---- — It is a life event you probably never believed would really happen: the time for a parent to be institutionalized. If you thought about your parents aging at all, you probably assumed they would be healthy until the day they died. Instead, you have watched with dismay as your father or mother has grown sick, frail, unsteady and, in some cases, confused.
You have probably exercised every option before deciding to place your parent in a nursing home. You have checked on him (or her) every day. You have bought groceries and cooked meals. You have driven him to multiple doctor’s appointments, arranged for and picked up prescriptions. You have enlisted in-home health aides who visit a few times per week.
Now, these efforts are no longer enough. So, you need to do what is best for him, and you realize that means placing him in a nursing facility. The stress of that decision, and the resulting difficult and overwhelming process can literally cause you to be ill.
First, there is the guilt. You may feel that you should take your parent into your home and care for him yourself. You experience these feelings even though your family may be overcrowded in your home, and you have a full-time job that would prevent you from giving the necessary daily care. The conflict between the feeling of “I should” and the reality that “I can’t” eat away at you emotionally.
Then, once the decision is made, you need to deal with choosing the proper nursing home facility. Which is best? Does he belong in “assisted living” or “personal care”? Is this a quality facility where he will receive all the professional care he will need? After hearing horror stories about nursing homes, how can I be certain the staff will really care about him and treat him with dignity? In addition to health care issues, you will need to address financial ones. What can your parent afford? What happens if he has few assets? What if the funds dwindle? Will he have to sell his home?
You are making important, impactful, long-term decisions concerning end-of-life issues for someone you love, which is enormously stressful on practical, financial and emotional levels. And, most probably, the deep, emotionally wrenching issue is your parent’s anger and sadness. He blames you for being forced to leave his home.
How can you manage the stress and overwhelming challenges of this unavoidable life crisis, and where do you start?
First: Get as much information as possible from the experiences of friends and family members, and contact social services resources. These organizations will provide information about support groups for caregivers and choosing nursing or other facilities: Children of Aging Parents (CAPS) — in Massachusetts the number is 1-800-227-7294; the state Executive Office of Elder Affairs; AARP (American Association of Retired Persons); National Family Caregivers Association; and Eldercare Locator 1-800-677-1116.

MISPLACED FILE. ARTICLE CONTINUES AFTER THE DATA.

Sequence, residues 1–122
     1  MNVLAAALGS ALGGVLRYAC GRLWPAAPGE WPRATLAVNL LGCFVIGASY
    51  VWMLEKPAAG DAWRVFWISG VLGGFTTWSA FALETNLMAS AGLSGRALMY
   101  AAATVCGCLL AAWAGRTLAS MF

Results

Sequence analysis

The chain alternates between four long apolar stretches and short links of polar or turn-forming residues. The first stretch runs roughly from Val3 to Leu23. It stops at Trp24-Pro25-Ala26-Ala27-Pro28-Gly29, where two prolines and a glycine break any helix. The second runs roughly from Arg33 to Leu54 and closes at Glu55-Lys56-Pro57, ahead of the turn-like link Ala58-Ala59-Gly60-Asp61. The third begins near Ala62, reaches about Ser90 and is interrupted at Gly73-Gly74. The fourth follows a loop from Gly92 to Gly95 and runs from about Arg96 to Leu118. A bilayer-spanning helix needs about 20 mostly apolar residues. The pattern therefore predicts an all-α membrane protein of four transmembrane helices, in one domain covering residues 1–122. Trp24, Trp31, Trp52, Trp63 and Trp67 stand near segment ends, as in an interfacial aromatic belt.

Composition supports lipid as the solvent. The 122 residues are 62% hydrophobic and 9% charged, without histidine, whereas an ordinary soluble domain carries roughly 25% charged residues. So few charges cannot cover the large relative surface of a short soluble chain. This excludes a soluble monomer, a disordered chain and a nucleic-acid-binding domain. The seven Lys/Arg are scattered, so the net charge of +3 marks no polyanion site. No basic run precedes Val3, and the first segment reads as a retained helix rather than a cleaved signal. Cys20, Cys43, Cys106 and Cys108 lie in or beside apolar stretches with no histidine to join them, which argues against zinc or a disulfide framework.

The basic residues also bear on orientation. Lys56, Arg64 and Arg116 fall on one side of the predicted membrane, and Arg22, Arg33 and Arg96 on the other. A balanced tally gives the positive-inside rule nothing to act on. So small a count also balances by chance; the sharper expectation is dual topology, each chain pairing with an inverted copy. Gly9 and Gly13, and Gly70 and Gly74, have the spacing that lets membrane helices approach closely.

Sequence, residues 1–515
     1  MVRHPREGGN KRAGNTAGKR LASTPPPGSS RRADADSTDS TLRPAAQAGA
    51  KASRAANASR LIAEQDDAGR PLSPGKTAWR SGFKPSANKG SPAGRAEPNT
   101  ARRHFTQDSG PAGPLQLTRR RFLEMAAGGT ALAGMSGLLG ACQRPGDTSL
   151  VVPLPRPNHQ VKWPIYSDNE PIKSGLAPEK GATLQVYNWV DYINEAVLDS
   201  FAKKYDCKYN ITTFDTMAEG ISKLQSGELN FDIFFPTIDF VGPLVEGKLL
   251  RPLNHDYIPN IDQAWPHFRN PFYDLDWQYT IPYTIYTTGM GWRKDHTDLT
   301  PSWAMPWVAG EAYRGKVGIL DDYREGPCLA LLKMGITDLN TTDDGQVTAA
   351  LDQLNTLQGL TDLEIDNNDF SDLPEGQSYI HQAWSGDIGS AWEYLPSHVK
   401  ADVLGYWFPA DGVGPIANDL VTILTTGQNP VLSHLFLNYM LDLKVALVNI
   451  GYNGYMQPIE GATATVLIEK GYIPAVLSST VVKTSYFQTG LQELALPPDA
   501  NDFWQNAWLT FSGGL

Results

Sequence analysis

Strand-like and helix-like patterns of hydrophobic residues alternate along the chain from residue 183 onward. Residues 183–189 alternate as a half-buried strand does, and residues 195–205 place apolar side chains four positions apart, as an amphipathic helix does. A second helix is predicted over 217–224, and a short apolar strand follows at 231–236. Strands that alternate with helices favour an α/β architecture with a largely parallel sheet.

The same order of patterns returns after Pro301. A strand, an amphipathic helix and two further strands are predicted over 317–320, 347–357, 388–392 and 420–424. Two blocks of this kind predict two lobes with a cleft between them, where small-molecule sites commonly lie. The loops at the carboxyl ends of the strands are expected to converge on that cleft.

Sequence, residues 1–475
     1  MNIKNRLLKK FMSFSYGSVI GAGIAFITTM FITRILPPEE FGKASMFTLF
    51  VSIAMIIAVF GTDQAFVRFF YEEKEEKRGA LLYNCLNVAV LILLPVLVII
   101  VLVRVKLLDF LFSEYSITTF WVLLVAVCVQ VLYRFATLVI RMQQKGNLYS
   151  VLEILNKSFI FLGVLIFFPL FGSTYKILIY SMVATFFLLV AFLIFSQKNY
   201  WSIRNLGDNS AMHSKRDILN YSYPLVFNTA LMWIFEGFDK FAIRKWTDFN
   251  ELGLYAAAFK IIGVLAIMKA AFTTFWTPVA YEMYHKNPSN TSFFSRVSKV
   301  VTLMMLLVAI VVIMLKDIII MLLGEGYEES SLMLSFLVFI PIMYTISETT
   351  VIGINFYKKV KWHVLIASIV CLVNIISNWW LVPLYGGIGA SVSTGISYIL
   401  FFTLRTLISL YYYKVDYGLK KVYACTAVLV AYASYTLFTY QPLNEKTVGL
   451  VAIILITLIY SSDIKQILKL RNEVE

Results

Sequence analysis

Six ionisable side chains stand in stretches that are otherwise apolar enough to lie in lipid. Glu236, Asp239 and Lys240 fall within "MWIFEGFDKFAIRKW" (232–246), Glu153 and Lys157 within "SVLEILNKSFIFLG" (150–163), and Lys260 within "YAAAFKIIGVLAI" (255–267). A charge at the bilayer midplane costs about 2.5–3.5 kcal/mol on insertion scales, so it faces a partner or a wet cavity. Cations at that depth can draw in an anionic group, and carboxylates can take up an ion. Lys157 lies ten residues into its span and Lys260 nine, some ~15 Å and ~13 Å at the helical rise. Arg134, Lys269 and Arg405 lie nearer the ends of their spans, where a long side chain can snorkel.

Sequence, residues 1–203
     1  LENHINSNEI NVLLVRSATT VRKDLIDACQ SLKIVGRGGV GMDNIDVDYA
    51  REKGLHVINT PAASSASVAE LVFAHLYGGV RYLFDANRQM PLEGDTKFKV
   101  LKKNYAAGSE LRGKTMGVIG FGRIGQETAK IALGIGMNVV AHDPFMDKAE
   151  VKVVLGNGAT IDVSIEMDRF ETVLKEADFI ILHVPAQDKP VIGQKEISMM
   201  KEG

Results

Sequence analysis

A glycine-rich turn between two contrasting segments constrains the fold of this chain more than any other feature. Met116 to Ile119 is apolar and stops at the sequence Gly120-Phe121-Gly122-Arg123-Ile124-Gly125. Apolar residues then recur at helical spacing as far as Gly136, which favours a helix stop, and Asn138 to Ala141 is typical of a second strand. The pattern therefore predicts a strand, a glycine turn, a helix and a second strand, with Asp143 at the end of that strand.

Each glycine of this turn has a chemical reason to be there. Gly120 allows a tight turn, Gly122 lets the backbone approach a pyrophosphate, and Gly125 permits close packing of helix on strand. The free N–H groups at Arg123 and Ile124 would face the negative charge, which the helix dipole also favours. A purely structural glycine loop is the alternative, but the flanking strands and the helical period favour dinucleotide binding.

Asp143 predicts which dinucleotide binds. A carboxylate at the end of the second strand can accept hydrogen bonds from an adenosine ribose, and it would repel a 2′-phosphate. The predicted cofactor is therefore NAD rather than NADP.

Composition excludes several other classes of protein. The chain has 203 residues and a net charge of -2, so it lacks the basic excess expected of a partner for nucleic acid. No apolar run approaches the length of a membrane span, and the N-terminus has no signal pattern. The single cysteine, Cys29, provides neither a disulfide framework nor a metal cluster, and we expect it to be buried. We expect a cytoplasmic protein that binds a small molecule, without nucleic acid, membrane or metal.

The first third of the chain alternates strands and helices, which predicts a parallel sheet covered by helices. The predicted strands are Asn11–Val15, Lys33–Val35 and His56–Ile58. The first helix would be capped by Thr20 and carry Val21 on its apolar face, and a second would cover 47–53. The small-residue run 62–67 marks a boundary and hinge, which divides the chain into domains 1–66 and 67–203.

You may want to start by contacting your local Council On Aging: in Gloucester at the Rose Baker Senior Center, 978-281-9765; at the Rockport Senior Center, 978-546-2573; in Manchester at 978-526-7500; and Essex at 978-768-7932.
Second: Insist that siblings and other family members take some responsibility. Share the information gathering, get help to look at legal issues involved, have family discussions about all the options, and emphasize that all decisions are family decisions. No one can maintain his or her emotional health in this situation without getting support, especially from family members. Avail yourself of all the caregiver resources that have been created to help you through this major life event.
Third: You must take care of yourself — physically, mentally and emotionally. In some instances, you may want to enlist the support of professionals. Especially important is self talk. Be kind to yourself with reminders: “I am doing the best I can under the circumstances.” “Although this process is painful, I know I am doing what is necessary and best for my parent.”
While this is one of the most difficult life events you may have to deal with, the positive here is that today, because of our aging population, there are more agencies, resources and avenues for support than ever before. Take full advantage of them, they were created for you.
Based in Rockport, life coach and psychotherapist Susan Britt, M.Ed., teaches individuals, couples and families to resolve relationship conflicts, clarify and achieve goals, and accelerate personal growth. Questions and comments may be addressed to her at email@example.com or 978-546-9431.